Clever Coffee Dripper (£15)
An easier way to brew pour-over coffee, the Clever Coffee Dripper negates the need to pour water slowly over grounds or fret about the temperature dropping while water drips into a cup. Its shut-off valve allows the grounds to settle naturally, even when all the water is tipped in in one go. An idiot-proof way to make a great cup o’ joe.
Hario Skerton Hand Grinder (£20)
Assuming the recipient doesn’t object to a bit of manual labour, this hand grinder represents a delightfully affordable way to enjoy freshly-ground coffee every morning. Small and lightweight enough to be taken on camping trips and the like, it uses high quality ceramic burrs that’ll hold their sharpness for longer.
Philips Senseo HD7825 (£50)
Coffee snobs may look down their noses at pod-based machines, but they’re certainly a step up from pouring boiling water over a teaspoon of freeze-dried Kenco. This compact Senseo-based machine from Philips is currently available at a low, low price, and unlike many pod coffee makers it can brew two cups of the good stuff at once.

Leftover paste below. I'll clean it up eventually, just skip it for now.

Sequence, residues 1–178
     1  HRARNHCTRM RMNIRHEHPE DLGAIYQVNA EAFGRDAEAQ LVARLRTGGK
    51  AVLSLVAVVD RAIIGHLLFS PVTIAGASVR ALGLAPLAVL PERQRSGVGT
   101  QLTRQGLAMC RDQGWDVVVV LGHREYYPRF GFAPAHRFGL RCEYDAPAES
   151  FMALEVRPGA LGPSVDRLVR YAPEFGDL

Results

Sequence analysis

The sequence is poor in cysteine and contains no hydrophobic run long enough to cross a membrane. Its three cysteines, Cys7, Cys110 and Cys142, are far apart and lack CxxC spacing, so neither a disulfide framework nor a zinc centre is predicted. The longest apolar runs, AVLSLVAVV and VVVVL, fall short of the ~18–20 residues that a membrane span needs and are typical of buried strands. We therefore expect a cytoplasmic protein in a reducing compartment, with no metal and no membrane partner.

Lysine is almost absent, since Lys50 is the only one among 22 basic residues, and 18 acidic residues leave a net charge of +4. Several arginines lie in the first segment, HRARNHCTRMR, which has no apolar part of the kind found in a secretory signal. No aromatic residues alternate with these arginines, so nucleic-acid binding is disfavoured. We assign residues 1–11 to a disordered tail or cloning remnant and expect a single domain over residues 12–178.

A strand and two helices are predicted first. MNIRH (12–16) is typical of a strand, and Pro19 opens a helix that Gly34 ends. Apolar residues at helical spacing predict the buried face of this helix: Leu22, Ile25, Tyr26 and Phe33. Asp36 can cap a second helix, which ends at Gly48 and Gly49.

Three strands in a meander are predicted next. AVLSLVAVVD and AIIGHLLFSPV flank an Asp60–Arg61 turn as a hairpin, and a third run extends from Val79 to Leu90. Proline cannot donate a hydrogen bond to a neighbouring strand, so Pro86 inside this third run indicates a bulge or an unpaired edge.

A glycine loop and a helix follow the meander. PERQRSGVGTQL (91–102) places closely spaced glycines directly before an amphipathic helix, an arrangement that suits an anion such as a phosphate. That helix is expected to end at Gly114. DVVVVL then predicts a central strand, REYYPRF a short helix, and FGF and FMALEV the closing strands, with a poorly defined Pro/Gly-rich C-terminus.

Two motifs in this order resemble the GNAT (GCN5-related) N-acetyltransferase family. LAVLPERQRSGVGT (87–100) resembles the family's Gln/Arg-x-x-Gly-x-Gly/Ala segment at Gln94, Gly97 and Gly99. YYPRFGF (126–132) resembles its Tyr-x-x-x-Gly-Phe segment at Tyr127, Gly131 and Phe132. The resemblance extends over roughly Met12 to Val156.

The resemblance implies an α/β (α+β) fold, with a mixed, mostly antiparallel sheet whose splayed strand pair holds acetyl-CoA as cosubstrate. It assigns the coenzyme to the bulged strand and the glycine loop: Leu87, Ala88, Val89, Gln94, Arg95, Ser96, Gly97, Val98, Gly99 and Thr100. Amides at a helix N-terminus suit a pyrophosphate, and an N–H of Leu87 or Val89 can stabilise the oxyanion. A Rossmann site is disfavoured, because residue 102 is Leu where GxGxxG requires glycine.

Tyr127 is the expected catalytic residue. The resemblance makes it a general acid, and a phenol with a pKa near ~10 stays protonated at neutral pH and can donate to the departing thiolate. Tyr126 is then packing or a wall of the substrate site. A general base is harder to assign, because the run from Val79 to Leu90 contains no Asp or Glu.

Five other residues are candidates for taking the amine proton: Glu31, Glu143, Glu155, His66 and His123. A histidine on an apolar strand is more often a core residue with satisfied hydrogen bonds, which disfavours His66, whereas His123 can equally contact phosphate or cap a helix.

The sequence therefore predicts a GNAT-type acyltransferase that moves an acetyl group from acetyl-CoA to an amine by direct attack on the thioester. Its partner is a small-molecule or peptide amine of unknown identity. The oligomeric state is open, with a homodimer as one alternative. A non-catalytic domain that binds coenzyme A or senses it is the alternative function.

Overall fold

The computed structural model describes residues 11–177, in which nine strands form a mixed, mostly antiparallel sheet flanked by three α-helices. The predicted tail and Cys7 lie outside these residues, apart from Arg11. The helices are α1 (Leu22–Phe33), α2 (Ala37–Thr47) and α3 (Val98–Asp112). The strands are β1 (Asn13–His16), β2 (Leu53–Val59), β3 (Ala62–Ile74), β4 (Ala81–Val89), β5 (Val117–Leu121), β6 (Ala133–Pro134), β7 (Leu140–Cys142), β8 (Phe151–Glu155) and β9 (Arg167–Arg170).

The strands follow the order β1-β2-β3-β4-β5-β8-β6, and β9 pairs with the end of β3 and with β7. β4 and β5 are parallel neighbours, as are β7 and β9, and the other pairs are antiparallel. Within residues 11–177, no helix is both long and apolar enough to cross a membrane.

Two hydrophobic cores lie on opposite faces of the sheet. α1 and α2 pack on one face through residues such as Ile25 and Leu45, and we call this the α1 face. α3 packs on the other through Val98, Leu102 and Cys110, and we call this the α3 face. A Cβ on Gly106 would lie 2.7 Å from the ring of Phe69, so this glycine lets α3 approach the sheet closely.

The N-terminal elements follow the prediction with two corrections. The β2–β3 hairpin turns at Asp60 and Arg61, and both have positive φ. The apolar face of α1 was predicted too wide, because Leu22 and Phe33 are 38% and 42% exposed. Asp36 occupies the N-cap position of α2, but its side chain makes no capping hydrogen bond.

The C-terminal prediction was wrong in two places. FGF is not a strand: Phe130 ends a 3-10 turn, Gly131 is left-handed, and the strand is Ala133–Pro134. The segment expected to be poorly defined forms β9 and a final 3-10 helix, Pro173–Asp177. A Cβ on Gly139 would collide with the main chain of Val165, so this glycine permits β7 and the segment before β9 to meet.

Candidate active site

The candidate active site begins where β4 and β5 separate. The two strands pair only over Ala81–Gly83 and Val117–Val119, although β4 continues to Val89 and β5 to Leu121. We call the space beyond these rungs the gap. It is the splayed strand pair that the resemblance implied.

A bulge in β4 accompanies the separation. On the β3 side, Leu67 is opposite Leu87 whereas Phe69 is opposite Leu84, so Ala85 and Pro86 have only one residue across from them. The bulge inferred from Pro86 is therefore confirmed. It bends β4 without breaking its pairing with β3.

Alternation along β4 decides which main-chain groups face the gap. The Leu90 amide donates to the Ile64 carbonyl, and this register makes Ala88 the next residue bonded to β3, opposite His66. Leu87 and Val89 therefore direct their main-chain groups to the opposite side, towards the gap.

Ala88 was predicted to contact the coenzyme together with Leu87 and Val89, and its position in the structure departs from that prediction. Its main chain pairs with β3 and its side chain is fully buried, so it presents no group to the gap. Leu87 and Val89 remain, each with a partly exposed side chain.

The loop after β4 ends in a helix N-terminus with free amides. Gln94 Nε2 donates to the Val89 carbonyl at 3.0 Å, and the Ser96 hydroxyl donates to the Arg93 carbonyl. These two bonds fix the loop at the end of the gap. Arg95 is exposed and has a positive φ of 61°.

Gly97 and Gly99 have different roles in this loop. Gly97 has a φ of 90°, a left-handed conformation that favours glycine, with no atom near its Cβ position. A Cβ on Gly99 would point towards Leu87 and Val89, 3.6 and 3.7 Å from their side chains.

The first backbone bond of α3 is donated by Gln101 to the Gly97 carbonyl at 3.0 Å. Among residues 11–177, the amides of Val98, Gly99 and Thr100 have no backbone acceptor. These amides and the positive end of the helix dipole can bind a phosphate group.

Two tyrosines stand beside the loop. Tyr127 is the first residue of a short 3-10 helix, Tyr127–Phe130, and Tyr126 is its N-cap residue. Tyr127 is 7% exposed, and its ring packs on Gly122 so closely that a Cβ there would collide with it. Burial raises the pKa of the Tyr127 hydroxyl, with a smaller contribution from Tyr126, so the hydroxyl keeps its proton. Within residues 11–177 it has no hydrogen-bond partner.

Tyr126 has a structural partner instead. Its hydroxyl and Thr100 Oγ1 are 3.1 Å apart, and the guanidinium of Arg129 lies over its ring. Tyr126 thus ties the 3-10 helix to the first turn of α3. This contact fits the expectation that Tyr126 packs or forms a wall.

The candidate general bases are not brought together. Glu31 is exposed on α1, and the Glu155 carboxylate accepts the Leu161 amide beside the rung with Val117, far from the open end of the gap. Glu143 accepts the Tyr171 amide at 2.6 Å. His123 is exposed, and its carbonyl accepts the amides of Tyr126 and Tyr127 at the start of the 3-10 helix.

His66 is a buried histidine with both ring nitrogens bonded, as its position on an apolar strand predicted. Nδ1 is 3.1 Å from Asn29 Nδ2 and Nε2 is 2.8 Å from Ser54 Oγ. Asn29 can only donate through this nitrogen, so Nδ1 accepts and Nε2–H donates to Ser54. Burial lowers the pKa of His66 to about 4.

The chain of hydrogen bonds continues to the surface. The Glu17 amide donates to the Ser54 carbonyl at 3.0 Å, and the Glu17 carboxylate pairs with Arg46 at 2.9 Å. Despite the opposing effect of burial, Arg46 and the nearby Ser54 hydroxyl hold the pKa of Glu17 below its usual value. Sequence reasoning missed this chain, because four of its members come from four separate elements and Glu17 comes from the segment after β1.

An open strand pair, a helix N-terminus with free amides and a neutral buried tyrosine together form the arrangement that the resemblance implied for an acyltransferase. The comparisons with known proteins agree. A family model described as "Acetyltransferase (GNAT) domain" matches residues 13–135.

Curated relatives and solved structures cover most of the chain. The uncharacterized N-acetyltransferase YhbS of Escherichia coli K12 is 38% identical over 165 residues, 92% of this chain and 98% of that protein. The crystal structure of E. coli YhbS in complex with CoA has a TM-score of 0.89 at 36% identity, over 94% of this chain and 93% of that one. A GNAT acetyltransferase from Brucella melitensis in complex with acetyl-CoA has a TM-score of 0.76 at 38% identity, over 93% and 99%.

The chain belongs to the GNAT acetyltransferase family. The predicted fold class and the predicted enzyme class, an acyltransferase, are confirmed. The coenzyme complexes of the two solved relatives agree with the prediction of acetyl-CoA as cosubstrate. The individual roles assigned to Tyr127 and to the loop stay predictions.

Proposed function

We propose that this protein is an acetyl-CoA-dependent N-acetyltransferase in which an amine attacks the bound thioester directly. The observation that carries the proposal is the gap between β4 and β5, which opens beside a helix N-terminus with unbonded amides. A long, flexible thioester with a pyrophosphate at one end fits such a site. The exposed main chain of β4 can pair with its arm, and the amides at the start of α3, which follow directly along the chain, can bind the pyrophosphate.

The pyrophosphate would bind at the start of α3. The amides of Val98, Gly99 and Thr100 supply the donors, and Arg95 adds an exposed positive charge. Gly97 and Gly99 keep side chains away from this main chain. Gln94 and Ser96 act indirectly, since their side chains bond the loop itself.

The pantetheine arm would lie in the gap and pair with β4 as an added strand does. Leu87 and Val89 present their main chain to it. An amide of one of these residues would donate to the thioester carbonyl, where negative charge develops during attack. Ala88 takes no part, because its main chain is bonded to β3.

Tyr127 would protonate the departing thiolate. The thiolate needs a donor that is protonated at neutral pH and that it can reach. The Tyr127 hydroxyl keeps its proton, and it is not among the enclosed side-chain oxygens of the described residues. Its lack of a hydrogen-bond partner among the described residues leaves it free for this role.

Gene Cafe Coffee Roaster (£330)
Something, perhaps, for the true coffee connoisseur who wants the maximum control over the way their cups taste. Feed this roaster up to half a pound of green beans (NB: we mean coffee beans obviously, not regular green beans) and it’ll cook ‘em up a treat. Temperature and roast time can be tuned to your precise needs, and there’s even a large chaff collector included to capture the waste – and help send the fumes towards a ventilation source. When it comes to home coffee-making, the only way to be more authentic would be to fly to Colombia and harvest the beans yourself.